There’s been a whiff of optimism on the markets this week, despite the run of historically bad economic indicators we’ve seen and the continuing rise in the Covid-19 death toll.

The FTSE 100 reached its nadir on 23 March, when it closed at 4,994. A brief rally followed, one that looked very much like a “dead cat bounce”. For those who haven’t come across that typically lurid piece of City terminology, it describes the muted rise in share prices seen at the end of a plunge as the short sellers close out their positions and book their ill gotten gains, while a few speculators start to nip at shares in the hope of taking advantage of cheap prices.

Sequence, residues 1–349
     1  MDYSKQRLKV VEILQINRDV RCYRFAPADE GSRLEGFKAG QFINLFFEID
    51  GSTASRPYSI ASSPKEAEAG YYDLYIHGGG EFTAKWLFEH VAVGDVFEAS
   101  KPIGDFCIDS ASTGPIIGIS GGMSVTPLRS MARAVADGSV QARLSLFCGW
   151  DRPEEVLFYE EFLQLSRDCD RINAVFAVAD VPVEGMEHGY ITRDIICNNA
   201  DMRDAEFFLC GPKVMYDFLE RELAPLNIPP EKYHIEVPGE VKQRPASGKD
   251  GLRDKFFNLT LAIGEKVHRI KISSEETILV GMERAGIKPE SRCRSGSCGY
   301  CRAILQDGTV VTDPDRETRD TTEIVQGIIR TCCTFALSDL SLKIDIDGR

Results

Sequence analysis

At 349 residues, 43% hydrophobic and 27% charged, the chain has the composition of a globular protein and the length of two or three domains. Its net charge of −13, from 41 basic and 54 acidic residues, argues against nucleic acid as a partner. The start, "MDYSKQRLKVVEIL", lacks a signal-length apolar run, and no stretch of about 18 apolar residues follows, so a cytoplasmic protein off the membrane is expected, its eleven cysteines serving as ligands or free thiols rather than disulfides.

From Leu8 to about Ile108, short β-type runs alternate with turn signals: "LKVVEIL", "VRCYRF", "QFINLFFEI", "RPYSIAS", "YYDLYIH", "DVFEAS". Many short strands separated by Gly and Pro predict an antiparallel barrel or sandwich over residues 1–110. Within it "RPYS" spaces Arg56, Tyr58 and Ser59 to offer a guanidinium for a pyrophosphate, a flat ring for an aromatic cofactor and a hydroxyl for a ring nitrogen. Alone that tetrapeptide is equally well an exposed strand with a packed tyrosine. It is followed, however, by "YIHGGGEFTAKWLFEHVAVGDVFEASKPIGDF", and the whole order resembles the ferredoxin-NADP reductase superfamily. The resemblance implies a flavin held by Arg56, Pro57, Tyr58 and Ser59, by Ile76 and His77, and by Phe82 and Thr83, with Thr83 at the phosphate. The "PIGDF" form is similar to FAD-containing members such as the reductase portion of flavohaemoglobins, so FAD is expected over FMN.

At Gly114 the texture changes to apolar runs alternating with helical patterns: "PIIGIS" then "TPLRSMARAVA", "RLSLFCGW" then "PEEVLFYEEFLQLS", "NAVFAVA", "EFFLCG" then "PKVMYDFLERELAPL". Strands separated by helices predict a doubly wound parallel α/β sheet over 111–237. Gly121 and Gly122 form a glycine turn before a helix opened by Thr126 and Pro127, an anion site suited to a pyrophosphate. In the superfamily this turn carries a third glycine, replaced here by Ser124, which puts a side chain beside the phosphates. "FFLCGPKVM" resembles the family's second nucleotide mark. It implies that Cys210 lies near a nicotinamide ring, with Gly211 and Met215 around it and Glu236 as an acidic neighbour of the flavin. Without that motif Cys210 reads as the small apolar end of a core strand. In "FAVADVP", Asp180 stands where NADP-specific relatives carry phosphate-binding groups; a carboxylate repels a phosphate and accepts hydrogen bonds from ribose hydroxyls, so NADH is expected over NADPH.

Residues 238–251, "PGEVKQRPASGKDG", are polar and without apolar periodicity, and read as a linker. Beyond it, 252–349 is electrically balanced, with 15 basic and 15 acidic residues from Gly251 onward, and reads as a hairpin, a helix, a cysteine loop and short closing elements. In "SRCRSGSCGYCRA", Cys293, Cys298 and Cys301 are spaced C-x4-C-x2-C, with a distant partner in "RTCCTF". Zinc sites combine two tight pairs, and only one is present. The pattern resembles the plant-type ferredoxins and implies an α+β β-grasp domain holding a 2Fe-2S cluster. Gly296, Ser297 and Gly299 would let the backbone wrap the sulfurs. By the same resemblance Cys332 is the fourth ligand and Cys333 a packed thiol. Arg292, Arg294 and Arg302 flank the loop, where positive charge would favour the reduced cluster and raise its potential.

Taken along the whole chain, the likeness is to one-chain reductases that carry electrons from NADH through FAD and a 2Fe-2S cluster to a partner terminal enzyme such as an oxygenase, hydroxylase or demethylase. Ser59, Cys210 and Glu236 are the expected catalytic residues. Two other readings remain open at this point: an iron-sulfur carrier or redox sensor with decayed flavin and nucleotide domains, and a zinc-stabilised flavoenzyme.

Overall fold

The improvement in the FTSE and other markets in the last couple of days has, however, been driven by a word we’ve not seen much sign of recently: hope. The thinking is that maybe the pandemic is slowing, the lockdowns are working, and if this is true, that maybe the economic stimulus packages enacted by various governments, (including the UK’s) will result in the fabled V-shaped recovery.

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